Conversations with Chris: A look back at his career

TV5 Meteorologist Chris Ewing reflects on his memorable career before he retires on Friday, April 16th.
Chris Ewing to reflects on his career.
Chris Ewing to reflects on his career.(WABI)
Published: Apr. 15, 2021 at 7:18 PM EDT
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BANGOR, Maine (WABI) - It’s almost the end of an era.

It takes a special person to be loved by virtually everyone they come in contact with - and everyone who lets them into their homes every day.

That’s exactly what meteorologist Chris Ewing did here at TV5 for the last 30 years.

We sat down with him to talk about his memorable career before he retires on Friday.

”My first day at Channel Five was back in 1990,” Chris said.

That was a good day for Maine - the day Chris Ewing decided to make Bangor his home.

Chris Ewing explained,“I remember coming in. I wasn’t on the air for a couple of days just getting acclimated to the new weather system. I had come up from the Boston area.”

Over the next three decades - that friendly face, infectious laugh, and sunny disposition would capture the hearts of Mainers relying on his accurate forecasts - even if he was from away - he’d became one of the best parts of our viewer’s day.

“I’d only been on the, on TV, maybe a dozen times down in the Boston area so I was still fairly nervous when I came here, but everybody was so nice and so friendly and happy to have me there so it just made me feel welcomed when I got here.”

His love for meteorology is apparent. It started at a young age.

“Since I was four or five years old, I’ve just been fascinated by the weather. My dad always thought I got interested in the weather because he was superintendent of schools, he was the person who called school off, so he thought, you know I got into it, wanting snowstorm so that school could get canceled so I, I literally when I first-second grade. If I thought it was going to snow one flake if I had heard on the TV that there was going to be snow. I would wake up at four in the morning, look out the window and we had a streetlight not far away and if I saw one flight coming down, I would run and jump on his bed. Dad, you got to call school off, but I don’t think that’s it, and it’s most of the meteorologists I know are the same way. They just knew at an early age.”

A place like Maine is a weather-lovers dream.

“People say, Oh, wouldn’t you like to work in Phoenix or San Diego or LA and I’d say, Absolutely not, it’s the variety,” Chris explained. Variety of weather that I love, I just, I love the changes, and you know the nuances of it and, you know, our forecast area goes from like Jackman, all the way down to Eastport, and you know down towards Augusta and down towards Rockland and you can have five different kinds of weather, all within that geographical area at the same time, and you’re trying to get that all down in a three-minute forecast.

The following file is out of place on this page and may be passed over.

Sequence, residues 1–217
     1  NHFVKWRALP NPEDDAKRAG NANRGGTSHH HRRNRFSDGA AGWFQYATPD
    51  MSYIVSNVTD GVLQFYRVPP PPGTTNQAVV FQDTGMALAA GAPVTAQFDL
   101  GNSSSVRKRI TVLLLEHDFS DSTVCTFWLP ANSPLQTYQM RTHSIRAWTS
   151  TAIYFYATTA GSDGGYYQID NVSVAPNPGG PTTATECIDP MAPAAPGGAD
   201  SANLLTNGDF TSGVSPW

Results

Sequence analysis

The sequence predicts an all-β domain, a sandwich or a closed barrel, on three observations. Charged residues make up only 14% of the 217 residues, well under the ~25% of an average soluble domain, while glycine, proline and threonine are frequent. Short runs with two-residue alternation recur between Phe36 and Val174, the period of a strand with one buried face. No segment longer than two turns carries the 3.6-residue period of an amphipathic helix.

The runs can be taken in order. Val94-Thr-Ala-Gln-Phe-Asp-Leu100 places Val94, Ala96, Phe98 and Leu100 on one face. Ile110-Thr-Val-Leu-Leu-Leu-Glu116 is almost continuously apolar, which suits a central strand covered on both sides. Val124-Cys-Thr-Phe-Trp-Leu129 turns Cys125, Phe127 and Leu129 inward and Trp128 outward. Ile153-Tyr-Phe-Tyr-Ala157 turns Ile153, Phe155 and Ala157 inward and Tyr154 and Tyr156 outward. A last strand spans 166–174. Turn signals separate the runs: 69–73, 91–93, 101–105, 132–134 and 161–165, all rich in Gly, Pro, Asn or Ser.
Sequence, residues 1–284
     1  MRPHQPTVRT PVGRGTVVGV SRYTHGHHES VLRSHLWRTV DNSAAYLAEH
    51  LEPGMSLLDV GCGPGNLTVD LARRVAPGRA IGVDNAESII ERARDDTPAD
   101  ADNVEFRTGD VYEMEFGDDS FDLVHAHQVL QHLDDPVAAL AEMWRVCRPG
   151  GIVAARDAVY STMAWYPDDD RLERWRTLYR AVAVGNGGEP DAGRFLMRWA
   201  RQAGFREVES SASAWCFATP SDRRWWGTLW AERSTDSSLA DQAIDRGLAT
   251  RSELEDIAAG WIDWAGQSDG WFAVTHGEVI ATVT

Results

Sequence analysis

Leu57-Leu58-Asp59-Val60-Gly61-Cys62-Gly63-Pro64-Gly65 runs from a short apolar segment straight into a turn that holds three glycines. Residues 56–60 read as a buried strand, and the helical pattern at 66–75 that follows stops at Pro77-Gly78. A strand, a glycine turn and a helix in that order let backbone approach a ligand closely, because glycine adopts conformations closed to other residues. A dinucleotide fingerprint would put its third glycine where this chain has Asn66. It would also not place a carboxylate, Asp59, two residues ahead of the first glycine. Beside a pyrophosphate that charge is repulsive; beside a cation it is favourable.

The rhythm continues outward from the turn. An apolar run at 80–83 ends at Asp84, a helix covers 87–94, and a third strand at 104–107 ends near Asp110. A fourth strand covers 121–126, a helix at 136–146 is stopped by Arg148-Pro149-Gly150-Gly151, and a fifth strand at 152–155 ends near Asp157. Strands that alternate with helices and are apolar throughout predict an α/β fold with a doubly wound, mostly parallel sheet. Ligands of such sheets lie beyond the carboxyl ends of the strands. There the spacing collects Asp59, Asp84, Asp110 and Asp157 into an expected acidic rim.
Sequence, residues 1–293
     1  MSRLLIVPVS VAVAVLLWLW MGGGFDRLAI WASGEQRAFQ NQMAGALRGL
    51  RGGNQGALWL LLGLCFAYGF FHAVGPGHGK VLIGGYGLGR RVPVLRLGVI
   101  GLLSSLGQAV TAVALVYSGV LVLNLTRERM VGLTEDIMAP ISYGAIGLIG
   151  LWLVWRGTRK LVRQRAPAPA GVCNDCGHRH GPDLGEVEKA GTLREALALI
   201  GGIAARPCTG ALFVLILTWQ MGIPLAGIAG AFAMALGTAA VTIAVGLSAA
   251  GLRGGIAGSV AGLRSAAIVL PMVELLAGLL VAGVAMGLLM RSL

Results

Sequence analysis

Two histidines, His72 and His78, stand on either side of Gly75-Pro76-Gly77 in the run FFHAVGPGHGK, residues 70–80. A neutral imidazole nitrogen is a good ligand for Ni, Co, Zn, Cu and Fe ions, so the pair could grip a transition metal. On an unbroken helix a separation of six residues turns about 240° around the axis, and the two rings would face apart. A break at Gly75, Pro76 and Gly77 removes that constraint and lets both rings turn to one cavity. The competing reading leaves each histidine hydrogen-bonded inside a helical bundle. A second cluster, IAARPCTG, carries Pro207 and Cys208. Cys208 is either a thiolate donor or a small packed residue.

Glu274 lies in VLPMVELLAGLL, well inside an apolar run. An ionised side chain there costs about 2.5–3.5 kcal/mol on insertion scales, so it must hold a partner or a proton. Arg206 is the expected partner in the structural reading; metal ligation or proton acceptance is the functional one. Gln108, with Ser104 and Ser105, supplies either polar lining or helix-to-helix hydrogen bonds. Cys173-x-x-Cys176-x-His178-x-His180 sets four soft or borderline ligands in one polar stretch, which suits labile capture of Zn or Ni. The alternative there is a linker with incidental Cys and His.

A forecast requiring accuracy because of the families, farmers, mariners who relied on it every single day.

“I started as a meteorology major at, at the time it was called Lowell tech as part of you, University of Massachusetts system, “ Chris explained. He added “When I went there, we had this freshman orientation class that you took every week and they kept saying well there aren’t a lot of jobs in meteorology, and there are three years of physics and two years of calculus and all this chemistry, and there aren’t that many jobs, and I actually changed majors and got a degree in economics in business, and I worked for five years. And then I, I just was fascinated by weather so I called up this meteorologist in Boston and on TV on Channel Five, and said, Hey, can I come to talk to you and he said I can give you 10 minutes. And because I wanted to find out what I could pursue, you know, without my degree, you know, whether it be sales in some kind of weather compute systems. And he said, I’ll give you 10 minutes, and we talked for four and a half hours. And he said, If you go back and get your degree in meteorology, I will hire you. The day you get out of college graduate college. So I went to Plymouth state graduated and the next day I was working for him.”

That training would be used to help Mainer’s weather hurricanes like in “August of 91. We had Hurricane Bob. "

Snowstorms, too. Chris added, “It was a whiteout.”

And of course - the Ice Storm of 1998. Chris explained, “I was at the office, almost around the clock.”

Loving every minute of it.

Chris said, “My wife would say, ‘aren’t you sick of the weather?’”

Especially during his favorite season.

“I love winter. I absolutely love winter, like a kid in a candy store when Winter’s coming. Once we get past Halloween, they can start snowing for me, and I know people are probably not overly happy when I say that, but it’s just that challenge of snowstorms, you know, It’s like my Super Bowl when there are storms coming, and I know a lot of the meteorologists in New England are that way,” Chris added.

Unlike the storms, he was able to unravel before they blew through - what he didn’t predict was the legend he would become.

TV5 Meteorologist Todd Simcox said, “He is a legend.”

“I wanted to do one of two things when I was a little kid, I either wanted to be a meteorologist, or I wanted to play for the Boston Red Sox, and it became very apparent in little league that I was never going to play for the Boston Red Sox. Well lucky for us, you were a better meteorologist than. I don’t know how good a meteorologist I am probably not a good baseball player.”

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